About a year ago, in the depths of the computer science internship application season, Ming Chow, patron saint of the Tufts CS Jobs Piazza, spoke to the Introduction to Security class about the steps to finding an internship or job. The first thing he mentioned was choosing a city.
Now, being a sophomore who would rather shotgun every internship application (because, let’s be honest, I wasn’t even receiving the automated and soulless technical interviews), this perplexed me. I was far too interested in just getting any job to be picky about location. Having only experienced pandemic Boston and the child-friendly spaces of Milwaukee, I had no preference as to which city I would settle in.
Now, once again in the depths of the internship application season and with a few more cities under my belt, I have an idea about what I value in a city.
The city itself is huge, has insanely reliable public transportation and is surprisingly clean (the bar has been raised, New York). Compared to the other cities on this list, this is the least European city. It feels like Boston in that there are many men in suits, and people walk at a New York City pace (most of the time). I suppose it feels like home in that sense. I love that there are so many markets and restaurant stalls. It’s a big city that one can never truly fully explore.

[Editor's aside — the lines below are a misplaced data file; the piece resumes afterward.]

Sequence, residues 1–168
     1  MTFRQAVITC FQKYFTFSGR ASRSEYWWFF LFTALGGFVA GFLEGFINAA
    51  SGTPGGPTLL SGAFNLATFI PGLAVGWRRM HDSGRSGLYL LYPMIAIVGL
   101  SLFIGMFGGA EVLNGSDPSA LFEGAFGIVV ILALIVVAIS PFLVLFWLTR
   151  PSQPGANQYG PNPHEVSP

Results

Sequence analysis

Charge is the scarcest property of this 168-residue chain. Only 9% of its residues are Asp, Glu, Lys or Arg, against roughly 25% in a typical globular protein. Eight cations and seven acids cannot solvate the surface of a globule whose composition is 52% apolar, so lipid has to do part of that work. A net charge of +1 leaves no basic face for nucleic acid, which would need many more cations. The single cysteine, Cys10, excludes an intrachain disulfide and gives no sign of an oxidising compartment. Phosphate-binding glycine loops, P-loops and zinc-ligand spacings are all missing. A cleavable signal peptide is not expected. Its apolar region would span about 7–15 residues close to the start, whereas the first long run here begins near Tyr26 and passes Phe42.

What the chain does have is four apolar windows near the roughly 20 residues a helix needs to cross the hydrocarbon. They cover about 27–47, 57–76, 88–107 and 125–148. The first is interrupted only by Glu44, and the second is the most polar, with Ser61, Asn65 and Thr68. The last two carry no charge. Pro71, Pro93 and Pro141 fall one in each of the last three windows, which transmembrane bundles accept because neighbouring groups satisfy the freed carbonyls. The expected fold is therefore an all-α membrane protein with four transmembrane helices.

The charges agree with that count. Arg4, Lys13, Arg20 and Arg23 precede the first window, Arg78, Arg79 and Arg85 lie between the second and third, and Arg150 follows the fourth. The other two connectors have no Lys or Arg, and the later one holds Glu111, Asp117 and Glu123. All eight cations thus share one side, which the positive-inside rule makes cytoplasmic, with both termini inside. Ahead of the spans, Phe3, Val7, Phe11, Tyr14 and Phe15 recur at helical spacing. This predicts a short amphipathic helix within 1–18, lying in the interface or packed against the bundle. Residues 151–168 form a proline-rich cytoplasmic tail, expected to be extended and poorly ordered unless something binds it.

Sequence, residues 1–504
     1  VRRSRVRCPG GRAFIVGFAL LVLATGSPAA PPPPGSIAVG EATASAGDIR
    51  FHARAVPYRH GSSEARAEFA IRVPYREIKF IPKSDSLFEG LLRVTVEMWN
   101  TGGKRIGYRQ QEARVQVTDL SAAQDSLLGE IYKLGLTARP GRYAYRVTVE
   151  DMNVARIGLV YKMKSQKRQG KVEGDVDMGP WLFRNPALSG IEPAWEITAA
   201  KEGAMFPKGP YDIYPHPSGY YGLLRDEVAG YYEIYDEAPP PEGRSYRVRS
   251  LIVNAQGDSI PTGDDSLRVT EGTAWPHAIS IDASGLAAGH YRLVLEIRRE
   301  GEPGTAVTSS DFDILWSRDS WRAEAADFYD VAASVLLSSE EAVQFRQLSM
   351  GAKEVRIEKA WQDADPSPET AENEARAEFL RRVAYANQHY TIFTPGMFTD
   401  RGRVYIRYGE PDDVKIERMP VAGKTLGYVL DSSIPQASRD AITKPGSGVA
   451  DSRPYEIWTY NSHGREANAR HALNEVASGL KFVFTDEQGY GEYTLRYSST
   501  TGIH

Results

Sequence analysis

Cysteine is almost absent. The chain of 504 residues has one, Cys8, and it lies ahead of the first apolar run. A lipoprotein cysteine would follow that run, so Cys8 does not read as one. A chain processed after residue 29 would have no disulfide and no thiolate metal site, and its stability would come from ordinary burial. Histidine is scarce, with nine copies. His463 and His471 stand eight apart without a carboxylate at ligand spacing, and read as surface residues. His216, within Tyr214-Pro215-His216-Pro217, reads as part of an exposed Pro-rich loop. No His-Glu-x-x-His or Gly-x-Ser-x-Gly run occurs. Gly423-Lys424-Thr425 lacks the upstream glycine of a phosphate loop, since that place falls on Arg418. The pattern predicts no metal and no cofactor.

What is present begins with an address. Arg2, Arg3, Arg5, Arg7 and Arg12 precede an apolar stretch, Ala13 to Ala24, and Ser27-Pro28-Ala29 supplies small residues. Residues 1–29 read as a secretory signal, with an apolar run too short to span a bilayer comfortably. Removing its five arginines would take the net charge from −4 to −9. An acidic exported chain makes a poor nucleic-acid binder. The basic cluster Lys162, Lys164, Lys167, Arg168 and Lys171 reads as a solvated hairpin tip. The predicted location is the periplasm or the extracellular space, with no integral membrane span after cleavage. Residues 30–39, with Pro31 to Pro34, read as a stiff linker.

I took Latin in high school and a few classics courses at Tufts, so I was more excited to visit this city. This was also my first solo trip and the perfect city to wander around at your own pace. Every block will bring you ruins, monuments or quaint neighborhoods, and some will bring you all three. The apartments blend in seamlessly with the rest of history. I could see myself living there.
This is probably my least favorite city on this list. However, it is my fault for visiting the big tourist city to get a taste of Spain. I developed a love of seafood among all of the paellas and tapas. Their nightlife was definitely the place to spend Halloweekend (and the time change), but every other American studying abroad had the same idea.
The city felt like a fairytale: the food, the walkability, the architecture, the weather. The ferry system transports you around the islands. Lido offers an incredible beach along the Aegean Sea. I knew I needed to see it before it sinks. During the offseason, it was busy with fellow tourists, but never too crowded. It felt so much like a fairytale that it is difficult to imagine living in such a place.
Potentially my favorite city of the list, and it wouldn’t have made it on my travel list if a friend hadn’t been studying abroad here. It was the perfect example of a slow European city with beautiful architecture and a rich history. The city serves as an example of why I would like to visit the smaller cities of Europe in the future.